Inside CHIME: Progress Seen on CMS Policy Tied to Certified EHRs


Inside CHIME - header

6.22.17 by Mari Savickis
VP of Federal Affairs, CHIME

On Tuesday, the Centers for Medicare and Medicaid Services (CMS) released the proposed rule on updates to the Quality Payment Program (QPP), which encapsulates the Medicare Incentive-based Payment Program (MIPS) and Advanced Payment Models established under the Medicare Access and CHIP Reauthorization Act of 2015 (MACRA).

CMS largely heeded our advice and has proposed an extended transition period under the MACRA programs, building on the progress made by providers 2017. This includes a proposal to allow physicians to use 2014 Edition CEHRT in 2018. It does not address the 2015 CEHRT timelines for hospitals.

The release came a week after the CHIME Board of Trustees submitted a letter to CMS that strongly urged the agency to delay use of 2015 edition certified electronic heath records (CEHRT). We were concerned that requiring providers to use 2015 Edition CEHRT and to begin meeting Meaningful Use Stage 3 measures starting Jan. 1, 2018, would put providers at risk of substantial financial penalties.

In the letter, we challenged CMS on the use of estimates based on earlier years’ data. CMS estimated more than 85 percent of hospitals and 74 percent of eligible professionals would be ready for 2015 Edition CEHRT by the end of 2017. CMS relied on the Office of the National Coordinator’s (ONC) retrospective data on the move from the 2011 Edition to the 2014 Edition; 90 percent of products were certified by the end of 2014 and CMS expects a similar level of readiness for the 2015 Edition.

The 2015 Edition CEHRT contains a greater level of development and complexity for vendors, though. At last review, ONC’s Certified Health IT Product List found only 71 products are certified for the 2015 Edition. This still represents less than 1 percent of the overall products certified for 2014. Looking back to July 2016, 4,250 of 4,474 hospitals participating in the EHR Incentive Program were using 2014 CEHRT. Ten EHR vendors supplied 2014 CEHRT to 98 percent of hospitals. Of these ten vendors, two make up just under 50 percent of all hospital-certified products and both vendors still have not received certification from ONC.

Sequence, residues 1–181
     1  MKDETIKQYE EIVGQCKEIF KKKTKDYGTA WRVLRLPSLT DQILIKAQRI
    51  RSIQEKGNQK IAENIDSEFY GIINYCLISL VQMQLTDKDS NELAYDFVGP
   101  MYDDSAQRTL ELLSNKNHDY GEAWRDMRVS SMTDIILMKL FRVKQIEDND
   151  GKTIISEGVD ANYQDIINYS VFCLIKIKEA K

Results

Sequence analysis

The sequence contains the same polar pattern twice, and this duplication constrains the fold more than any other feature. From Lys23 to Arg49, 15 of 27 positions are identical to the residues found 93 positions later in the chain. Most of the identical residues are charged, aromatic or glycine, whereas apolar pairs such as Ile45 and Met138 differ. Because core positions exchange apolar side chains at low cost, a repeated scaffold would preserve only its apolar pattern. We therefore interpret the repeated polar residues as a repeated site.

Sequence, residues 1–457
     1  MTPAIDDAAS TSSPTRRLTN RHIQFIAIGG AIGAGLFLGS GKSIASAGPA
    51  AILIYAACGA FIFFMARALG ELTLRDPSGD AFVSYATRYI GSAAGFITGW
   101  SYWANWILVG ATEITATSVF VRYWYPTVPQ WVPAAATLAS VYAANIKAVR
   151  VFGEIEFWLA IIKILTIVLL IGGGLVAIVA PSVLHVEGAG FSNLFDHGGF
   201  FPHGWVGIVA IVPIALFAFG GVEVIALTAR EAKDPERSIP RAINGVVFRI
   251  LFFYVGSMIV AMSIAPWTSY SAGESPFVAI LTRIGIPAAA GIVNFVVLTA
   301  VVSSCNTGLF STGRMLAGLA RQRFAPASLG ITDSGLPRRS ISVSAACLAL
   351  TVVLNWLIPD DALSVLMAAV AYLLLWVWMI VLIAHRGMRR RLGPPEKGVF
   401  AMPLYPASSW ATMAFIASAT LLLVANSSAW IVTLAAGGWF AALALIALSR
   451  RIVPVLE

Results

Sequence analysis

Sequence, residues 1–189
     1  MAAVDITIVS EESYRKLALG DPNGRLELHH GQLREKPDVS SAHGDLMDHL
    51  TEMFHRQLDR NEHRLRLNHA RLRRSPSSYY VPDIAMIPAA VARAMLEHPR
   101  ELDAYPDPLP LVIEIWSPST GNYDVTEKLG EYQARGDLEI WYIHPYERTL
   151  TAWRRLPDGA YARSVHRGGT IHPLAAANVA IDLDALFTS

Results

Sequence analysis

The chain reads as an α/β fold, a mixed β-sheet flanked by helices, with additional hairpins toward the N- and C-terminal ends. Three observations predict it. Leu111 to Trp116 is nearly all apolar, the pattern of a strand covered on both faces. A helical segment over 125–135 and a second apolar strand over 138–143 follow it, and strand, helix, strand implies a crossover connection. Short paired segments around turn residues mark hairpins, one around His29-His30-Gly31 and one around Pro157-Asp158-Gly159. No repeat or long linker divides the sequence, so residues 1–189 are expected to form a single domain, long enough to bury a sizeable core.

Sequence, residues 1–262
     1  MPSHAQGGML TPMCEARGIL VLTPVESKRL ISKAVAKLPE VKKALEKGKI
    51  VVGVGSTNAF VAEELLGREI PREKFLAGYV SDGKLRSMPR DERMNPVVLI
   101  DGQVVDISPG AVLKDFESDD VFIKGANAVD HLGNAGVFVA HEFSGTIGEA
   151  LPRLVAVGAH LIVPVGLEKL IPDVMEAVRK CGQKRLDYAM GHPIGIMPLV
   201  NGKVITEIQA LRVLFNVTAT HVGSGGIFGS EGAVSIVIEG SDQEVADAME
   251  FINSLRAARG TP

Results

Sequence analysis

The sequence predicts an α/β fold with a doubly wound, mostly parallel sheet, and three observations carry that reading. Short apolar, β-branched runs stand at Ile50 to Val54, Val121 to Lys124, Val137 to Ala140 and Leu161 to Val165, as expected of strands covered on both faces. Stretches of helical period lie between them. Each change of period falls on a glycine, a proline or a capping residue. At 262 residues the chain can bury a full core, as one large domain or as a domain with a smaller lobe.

Comprehensive Primary Care Plus, the Medicare Shared Savings Program and MIPS had required the use of 2015 Edition CEHRT beginning in 2018. This interlocking set of requirements meant that providers were in jeopardy of failing not only Meaningful Use but several other programs that required this new version of CEHRT. We made these recommendations to CMS:

  • Permit both the use of 2014 and 2015 CEHRT in 2018;
  • Allow providers to continue meeting Meaningful Use Stage 3 and Stage 3-like measures at least another year through 2018;
  • Provide adequate vendor development lead time and provider implementation time before requiring a new version of CEHRT;
  • Align reporting requirements around the current version (2014 Edition CEHRT) rather than continuing to mandate use of 2015 Edition CEHRT in 2018 for other CMS programs tied to the use of the CEHRT; and
  • Conduct a systematic review in conjunction with ONC on how to capitalize on the provisions in the 21st Century Cures Act to improve interoperability of CEHRT before mandating the use of 2015 Edition CEHRT.

The board’s letter also cautioned CMS that the quest for interoperability will not be solved by use of 2015 CEHRT or requiring use of Stage 3 and Stage 3-like measures, and provided recommendations along with feedback on ways to reduce the regulatory burden on the provider community.

We will continue to work with CMS to articulate our members’ concerns and provide guidance on possible solutions, and our review of the MACRA QPP/MIPS proposed rule is underway. Stay tuned for additional resources concerning the MACRA Program in coming weeks. We will also be forming a workgroup to aid in the drafting of CHIME’s comments, please email [email protected] if you are interested in participating.


More Inside CHIME Volume 2, No. 13: